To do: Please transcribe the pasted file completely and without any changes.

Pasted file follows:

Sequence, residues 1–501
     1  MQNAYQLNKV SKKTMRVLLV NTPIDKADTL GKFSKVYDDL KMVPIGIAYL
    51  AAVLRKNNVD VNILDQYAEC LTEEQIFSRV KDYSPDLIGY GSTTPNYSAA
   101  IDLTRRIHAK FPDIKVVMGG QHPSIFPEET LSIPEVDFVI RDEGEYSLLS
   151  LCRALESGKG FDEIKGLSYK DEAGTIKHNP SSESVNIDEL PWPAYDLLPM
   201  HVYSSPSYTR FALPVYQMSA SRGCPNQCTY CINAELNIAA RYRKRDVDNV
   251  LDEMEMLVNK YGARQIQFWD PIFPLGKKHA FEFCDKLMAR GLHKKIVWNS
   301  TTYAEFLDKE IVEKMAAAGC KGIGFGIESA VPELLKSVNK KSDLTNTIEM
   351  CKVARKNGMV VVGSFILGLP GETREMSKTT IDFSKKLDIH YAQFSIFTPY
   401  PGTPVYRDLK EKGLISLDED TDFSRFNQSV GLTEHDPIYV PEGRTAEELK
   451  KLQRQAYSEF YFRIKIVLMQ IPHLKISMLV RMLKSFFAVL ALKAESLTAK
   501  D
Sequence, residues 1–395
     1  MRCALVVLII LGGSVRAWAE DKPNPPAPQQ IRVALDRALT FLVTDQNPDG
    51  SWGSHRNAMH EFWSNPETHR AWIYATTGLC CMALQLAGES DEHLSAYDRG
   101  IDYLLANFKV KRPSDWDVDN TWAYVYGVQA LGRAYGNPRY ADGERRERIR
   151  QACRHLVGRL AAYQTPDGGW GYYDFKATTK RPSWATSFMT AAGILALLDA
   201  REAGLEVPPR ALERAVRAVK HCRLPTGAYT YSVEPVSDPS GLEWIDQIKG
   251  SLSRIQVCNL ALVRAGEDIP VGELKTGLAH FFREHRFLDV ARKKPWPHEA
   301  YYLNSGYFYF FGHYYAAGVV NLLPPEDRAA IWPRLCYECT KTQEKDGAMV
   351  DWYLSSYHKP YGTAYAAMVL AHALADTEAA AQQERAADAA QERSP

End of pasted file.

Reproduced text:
Sequence, residues 1–501
     1  MQNAYQLNKV SKKTMRVLLV NTPIDKADTL GKFSKVYDDL KMVPIGIAYL
    51  AAVLRKNNVD VNILDQYAEC LTEEQIFSRV KDYSPDLIGY GSTTPNYSAA
   101  IDLTRRIHAK FPDIKVVMGG QHPSIFPEET LSIPEVDFVI RDEGEYSLLS
   151  LCRALESGKG FDEIKGLSYK DEAGTIKHNP SSESVNIDEL PWPAYDLLPM
   201  HVYSSPSYTR FALPVYQMSA SRGCPNQCTY CINAELNIAA RYRKRDVDNV
   251  LDEMEMLVNK YGARQIQFWD PIFPLGKKHA FEFCDKLMAR GLHKKIVWNS
   301  TTYAEFLDKE IVEKMAAAGC KGIGFGIESA VPELLKSVNK KSDLTNTIEM
   351  CKVARKNGMV VVGSFILGLP GETREMSKTT IDFSKKLDIH YAQFSIFTPY
   401  PGTPVYRDLK EKGLISLDED TDFSRFNQSV GLTEHDPIYV PEGRTAEELK
   451  KLQRQAYSEF YFRIKIVLMQ IPHLKISMLV RMLKSFFAVL ALKAESLTAK
   501  D
Sequence, residues 1–395
     1  MRCALVVLII LGGSVRAWAE DKPNPPAPQQ IRVALDRALT FLVTDQNPDG
    51  SWGSHRNAMH EFWSNPETHR AWIYATTGLC CMALQLAGES DEHLSAYDRG
   101  IDYLLANFKV KRPSDWDVDN TWAYVYGVQA LGRAYGNPRY ADGERRERIR
   151  QACRHLVGRL AAYQTPDGGW GYYDFKATTK RPSWATSFMT AAGILALLDA
   201  REAGLEVPPR ALERAVRAVK HCRLPTGAYT YSVEPVSDPS GLEWIDQIKG
   251  SLSRIQVCNL ALVRAGEDIP VGELKTGLAH FFREHRFLDV ARKKPWPHEA
   301  YYLNSGYFYF FGHYYAAGVV NLLPPEDRAA IWPRLCYECT KTQEKDGAMV
   351  DWYLSSYHKP YGTAYAAMVL AHALADTEAA AQQERAADAA QERSP